If you have £300 to spend, and you want a capable all-rounder laptop look no further. While sipping my cup of tea, I found several resellers eager to sell a £300 laptop. These deals are from reputable resellers (who are able to refund you, should you be sent a lemon, and from manufacturers with a good reputation for support and service):
Fujitsu Siemens AMILO Pro V3515
£284.99 inc VAT (£242.54 ex VAT)
Intel Celeron M 1.6Ghz, 512MB RAM, 80GB HDD
XP Home (Vista Ready)
Acer Aspire 3694 WLMi
£299.97 inc VAT (£255.29 ex VAT)
Intel Celeron M 1.86Ghz, 512MB RAM, 80GB HDD
Vista Home Basic
Acer Aspire 5051AWXMi
£339.99 inc VAT (£289.35 ex VAT)
AMD Turion 64 2Ghz, 1024MB RAM, 120GB HDD
Vista Home Basic
All of the above laptops can be had with Windows XP or Windows Vista. Some come with Microsoft Works (cut down office), or you can use the fantastic OpenOffice completely free.
The refurbished laptop from Currys that ComputingWhich? found had a broken PSU, replaced under warranty within three days. The fact that there is a wide choice brand new laptops available, with safe and factory electrically tested PSU’s should be a no-brainer.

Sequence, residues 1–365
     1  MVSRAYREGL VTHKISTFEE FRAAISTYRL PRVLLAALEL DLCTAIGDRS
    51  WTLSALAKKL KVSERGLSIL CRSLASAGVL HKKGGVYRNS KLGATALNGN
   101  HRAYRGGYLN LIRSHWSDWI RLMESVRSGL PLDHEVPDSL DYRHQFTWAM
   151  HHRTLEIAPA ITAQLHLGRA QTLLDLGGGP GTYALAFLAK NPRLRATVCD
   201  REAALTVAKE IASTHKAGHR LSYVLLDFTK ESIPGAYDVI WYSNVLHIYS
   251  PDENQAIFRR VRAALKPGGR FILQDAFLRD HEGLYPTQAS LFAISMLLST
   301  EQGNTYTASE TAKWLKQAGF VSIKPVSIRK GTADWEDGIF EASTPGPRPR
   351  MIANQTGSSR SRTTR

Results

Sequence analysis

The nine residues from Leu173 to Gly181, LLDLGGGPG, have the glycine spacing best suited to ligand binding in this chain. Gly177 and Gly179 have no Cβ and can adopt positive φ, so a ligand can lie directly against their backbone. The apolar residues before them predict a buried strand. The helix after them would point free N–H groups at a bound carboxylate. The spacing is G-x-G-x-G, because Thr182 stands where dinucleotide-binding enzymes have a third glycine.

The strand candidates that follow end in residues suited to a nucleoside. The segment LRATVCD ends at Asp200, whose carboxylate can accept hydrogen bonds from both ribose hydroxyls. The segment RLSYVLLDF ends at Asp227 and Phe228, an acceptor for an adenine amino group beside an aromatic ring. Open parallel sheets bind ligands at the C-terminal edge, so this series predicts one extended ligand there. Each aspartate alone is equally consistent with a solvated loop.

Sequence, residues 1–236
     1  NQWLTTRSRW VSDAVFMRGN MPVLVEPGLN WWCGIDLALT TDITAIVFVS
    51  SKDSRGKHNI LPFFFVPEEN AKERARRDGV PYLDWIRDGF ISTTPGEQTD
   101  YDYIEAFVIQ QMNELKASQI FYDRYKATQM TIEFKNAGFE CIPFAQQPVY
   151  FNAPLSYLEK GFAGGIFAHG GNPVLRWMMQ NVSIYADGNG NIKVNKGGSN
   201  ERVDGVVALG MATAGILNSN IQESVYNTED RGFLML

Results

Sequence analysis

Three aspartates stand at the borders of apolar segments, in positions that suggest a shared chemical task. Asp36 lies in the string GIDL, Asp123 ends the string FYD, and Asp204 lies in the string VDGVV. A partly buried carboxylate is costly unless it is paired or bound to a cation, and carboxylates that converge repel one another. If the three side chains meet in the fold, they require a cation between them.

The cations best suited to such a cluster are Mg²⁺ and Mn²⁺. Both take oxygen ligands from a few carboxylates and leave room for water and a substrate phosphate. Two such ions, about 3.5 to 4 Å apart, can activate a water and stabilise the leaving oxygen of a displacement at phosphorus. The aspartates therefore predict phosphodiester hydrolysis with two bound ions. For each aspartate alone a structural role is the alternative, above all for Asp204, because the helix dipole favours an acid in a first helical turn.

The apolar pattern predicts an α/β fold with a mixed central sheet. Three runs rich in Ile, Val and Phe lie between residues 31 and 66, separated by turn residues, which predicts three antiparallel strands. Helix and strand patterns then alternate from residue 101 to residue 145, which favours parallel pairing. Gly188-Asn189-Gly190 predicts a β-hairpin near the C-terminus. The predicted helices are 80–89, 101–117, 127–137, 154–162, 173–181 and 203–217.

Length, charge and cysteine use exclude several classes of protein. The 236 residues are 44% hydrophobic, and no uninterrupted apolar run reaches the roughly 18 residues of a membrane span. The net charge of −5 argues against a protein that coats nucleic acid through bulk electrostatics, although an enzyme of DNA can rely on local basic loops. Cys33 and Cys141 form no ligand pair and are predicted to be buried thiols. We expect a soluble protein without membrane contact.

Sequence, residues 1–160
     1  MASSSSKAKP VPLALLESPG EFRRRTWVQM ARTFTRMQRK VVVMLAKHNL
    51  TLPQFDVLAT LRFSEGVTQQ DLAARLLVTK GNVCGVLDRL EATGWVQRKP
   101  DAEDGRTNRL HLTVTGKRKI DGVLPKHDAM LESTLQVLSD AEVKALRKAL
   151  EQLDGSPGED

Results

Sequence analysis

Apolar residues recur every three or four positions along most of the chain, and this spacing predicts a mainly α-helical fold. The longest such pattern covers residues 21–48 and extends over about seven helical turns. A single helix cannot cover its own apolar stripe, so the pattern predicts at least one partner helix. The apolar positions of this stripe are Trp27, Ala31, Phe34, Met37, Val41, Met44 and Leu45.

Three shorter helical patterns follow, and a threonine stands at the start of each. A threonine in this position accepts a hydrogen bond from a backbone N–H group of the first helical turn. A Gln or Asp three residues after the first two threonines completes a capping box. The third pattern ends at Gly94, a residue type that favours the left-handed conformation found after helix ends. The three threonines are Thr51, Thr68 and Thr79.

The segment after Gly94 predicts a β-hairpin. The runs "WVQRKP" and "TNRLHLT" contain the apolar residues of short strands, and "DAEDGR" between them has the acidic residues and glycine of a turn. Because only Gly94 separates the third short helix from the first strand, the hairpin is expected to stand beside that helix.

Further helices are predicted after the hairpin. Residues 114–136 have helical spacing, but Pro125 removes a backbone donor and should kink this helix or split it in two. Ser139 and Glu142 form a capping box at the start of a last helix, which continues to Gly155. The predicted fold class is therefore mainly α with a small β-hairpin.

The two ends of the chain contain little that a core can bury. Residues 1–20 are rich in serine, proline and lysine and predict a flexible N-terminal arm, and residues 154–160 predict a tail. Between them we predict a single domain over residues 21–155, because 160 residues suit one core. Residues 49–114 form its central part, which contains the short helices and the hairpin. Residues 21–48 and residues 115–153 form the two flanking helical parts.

All these laptops come with consumer protection courtesy of the distance selling regulations, are brand new with warranty and service/support options and are completely brand new. They all have brand new hard disk drives with no bad sectors, no damaged pixels on the screen, clean batteries with full power potential and none of the drawbacks of a used machine.
These laptops will probably arrive, in a brand new box on your doorstep within 2-3 days of ordering. You can also order with a credit card too for additional consumer protection 🙂
When you consider that Windows Vista is £150-£200 on its own, and the original parts for these laptops comes to £200-300 if you’re able to purchase the components individually, you can see what a great bargin these low-end laptops are. My advice would be, if you can stretch to £450 – you can buy some magnificant laptops, powered by the Intel “Core 2 Duo” processor. “Core 2 Duo” (NOT to be confused with “Core Duo”) laptops are in the £400-500 price range are the current sweet spot for bang-for-your-buck performance mobile computing. Even our two local Tesco stores are selling these laptops there now.
If you’re buying for Christmas, forget the refurbished laptops. Unless you’re purchasing high-end equipment that would normally be out of your price range, a refurbished £300 laptop is a poor choice.
Do you still want a refurbished Compaq Presario after reading this?
Comments please! Read the article that prompted this blog post on AccountingWeb here
Really useful – Just the sort of info I was looking for.
Thanks, John, glad you liked it. Hope it was in time for Christmas!